Bradley Kay at Morningstar discusses liquidity issues in the European ETF markets and how greater on-exchange trading will lower costs
ETFs can be a bit of a misnomer in the European market. Exchange-listed, absolutely. Exchange-traded? Only sometimes. Estimates of over-the-counter (OTC) trading as a percentage of all European ETF turnover range from 50% all the way up to 80%. Without any post-trade reporting requirements for ETFs, we cannot have much greater certainty of the total volumes traded each day. All we truly know is that on-exchange liquidity of most European ETFs far lags their American counterparts.
This lag in liquidity is mostly a consequence of the different nature of the European market. Large institutional investors such as pension funds and private wealth managers represent the vast majority of ETF assets. These investors specialise in asset management and allocation, rather than trading, turn over their assets slowly, and move vast sums at a time. For a market composed of such large investors who are still mostly buying into ETFs, as seen from rapidly growing assets, OTC trading through market making arbitrageurs is only sensible rather than trying to move outside their area of expertise and work huge trades through the relatively small order books on exchanges.
Market fragmentation across Europe does not help liquidity either. Most investors prefer their local exchanges for easier settlement and lower commissions. However, this ends up segmenting exchange liquidity across the continent as natural buyers and sellers are split among not only the several national exchanges, but also among the numerous products tracking identical indices. No wonder the best execution comes from market makers who can issue shares at a very modest premium to cover their risk until the end-of-day creation rather than other investors on the exchange.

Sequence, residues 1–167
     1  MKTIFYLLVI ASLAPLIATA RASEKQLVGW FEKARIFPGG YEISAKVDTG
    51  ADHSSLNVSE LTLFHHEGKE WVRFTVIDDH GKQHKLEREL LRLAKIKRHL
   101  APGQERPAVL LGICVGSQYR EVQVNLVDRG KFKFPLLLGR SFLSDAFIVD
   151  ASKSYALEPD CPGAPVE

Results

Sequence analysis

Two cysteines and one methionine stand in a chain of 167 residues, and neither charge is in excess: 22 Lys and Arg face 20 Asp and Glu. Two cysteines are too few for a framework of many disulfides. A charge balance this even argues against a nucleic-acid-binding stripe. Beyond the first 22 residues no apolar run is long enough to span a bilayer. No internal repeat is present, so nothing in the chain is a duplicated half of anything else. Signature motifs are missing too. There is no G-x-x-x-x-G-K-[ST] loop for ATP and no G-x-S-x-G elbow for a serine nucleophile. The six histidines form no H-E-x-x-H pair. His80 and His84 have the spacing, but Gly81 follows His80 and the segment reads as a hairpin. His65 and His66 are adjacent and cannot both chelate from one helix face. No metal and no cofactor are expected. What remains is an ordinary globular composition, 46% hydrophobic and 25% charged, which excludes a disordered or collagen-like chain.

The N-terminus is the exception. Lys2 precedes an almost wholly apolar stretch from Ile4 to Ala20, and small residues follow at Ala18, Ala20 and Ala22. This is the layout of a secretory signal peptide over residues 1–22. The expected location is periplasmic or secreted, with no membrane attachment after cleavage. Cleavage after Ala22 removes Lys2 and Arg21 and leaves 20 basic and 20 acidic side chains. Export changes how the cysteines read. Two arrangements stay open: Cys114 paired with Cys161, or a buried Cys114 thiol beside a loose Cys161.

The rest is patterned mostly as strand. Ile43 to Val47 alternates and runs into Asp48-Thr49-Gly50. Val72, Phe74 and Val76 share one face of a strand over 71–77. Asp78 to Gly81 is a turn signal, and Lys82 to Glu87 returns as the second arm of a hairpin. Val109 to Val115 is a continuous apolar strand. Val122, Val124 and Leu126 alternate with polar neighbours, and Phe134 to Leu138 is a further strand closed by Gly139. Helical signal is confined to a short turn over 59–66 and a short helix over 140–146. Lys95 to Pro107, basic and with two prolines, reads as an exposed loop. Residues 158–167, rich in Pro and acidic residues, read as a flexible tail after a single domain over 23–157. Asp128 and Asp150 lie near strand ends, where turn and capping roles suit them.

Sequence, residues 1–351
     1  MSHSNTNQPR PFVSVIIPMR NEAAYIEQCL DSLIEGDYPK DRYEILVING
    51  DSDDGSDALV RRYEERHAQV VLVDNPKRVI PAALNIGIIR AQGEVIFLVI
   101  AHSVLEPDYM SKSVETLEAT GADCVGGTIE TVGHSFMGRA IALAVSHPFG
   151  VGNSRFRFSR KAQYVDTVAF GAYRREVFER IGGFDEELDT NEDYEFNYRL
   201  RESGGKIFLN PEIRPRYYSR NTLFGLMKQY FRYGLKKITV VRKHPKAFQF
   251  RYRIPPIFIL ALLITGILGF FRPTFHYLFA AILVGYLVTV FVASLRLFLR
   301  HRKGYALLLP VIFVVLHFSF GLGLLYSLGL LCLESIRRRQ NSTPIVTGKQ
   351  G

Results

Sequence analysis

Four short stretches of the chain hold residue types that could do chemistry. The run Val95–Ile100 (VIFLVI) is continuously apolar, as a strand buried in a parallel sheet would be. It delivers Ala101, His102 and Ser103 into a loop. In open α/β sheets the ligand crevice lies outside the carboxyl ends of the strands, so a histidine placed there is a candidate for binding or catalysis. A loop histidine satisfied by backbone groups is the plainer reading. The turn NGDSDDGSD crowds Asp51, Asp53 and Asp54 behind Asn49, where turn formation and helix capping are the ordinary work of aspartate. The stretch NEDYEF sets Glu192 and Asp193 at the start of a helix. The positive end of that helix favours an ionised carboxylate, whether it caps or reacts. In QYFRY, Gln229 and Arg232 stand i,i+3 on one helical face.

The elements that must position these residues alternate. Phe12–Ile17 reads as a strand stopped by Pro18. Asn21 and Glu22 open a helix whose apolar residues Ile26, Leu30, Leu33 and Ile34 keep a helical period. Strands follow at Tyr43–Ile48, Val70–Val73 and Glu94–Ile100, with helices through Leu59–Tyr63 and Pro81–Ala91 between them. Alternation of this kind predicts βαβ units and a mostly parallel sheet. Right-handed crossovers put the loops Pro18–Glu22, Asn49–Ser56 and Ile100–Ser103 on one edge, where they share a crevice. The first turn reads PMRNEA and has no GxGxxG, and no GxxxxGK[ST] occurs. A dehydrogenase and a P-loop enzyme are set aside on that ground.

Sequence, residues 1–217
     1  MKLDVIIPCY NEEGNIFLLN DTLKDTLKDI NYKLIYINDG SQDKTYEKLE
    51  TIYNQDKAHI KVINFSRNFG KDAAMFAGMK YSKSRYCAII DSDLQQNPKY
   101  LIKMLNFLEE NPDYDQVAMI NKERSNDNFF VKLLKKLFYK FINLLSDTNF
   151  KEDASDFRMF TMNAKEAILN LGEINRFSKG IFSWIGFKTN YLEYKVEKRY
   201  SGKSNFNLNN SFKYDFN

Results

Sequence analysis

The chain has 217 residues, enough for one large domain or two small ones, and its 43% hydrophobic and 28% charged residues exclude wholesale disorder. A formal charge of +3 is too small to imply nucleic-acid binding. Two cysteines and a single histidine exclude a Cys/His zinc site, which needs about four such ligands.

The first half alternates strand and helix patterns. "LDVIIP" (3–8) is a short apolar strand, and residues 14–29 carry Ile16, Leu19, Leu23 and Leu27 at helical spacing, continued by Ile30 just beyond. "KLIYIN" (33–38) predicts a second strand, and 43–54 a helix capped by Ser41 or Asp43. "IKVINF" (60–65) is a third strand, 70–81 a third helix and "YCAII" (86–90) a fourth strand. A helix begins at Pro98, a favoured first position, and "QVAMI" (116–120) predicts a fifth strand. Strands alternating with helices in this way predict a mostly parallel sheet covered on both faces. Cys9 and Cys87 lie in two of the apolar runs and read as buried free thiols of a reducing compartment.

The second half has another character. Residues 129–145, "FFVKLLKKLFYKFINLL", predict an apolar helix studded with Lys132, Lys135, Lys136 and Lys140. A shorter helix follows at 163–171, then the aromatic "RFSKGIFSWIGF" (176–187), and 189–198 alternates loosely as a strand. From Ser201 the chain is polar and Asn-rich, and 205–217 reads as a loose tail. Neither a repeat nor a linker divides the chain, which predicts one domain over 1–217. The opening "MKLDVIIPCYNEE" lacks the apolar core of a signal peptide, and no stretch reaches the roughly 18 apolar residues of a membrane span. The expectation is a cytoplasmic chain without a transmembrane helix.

Exchange liquidity and trading volume have a classic “chicken and the egg” problem. Without a critical mass of market participants trading on the exchange, transaction costs would be too high for any new investor to buy through the exchange. That pushes new investors toward OTC trading, keeps on-exchange volumes low, and in turn pushes future market entrants toward OTC trading rather than the exchanges. The current large, low-turnover institutional investors will not break this cycle, but a new round of retail investors and institutional speculators are likely to put the “exchange” back into exchange-traded funds.
Rapid-trading institutional investors such as hedge funds have a natural use for ETFs to either hedge out market risk in their investments or take speculative bets on particular beta exposures. These firms also wish to keep large positions fairly secret and have poured immense resources into their own trading infrastructure; they prefer to route orders directly through an exchange rather than leave large block trades in the hands of a market maker. As hedge funds begin to embrace the low cost, simplicity, and far greater beta array offered by ETFs relative to futures and swaps, this will drive substantial volume on to European exchanges.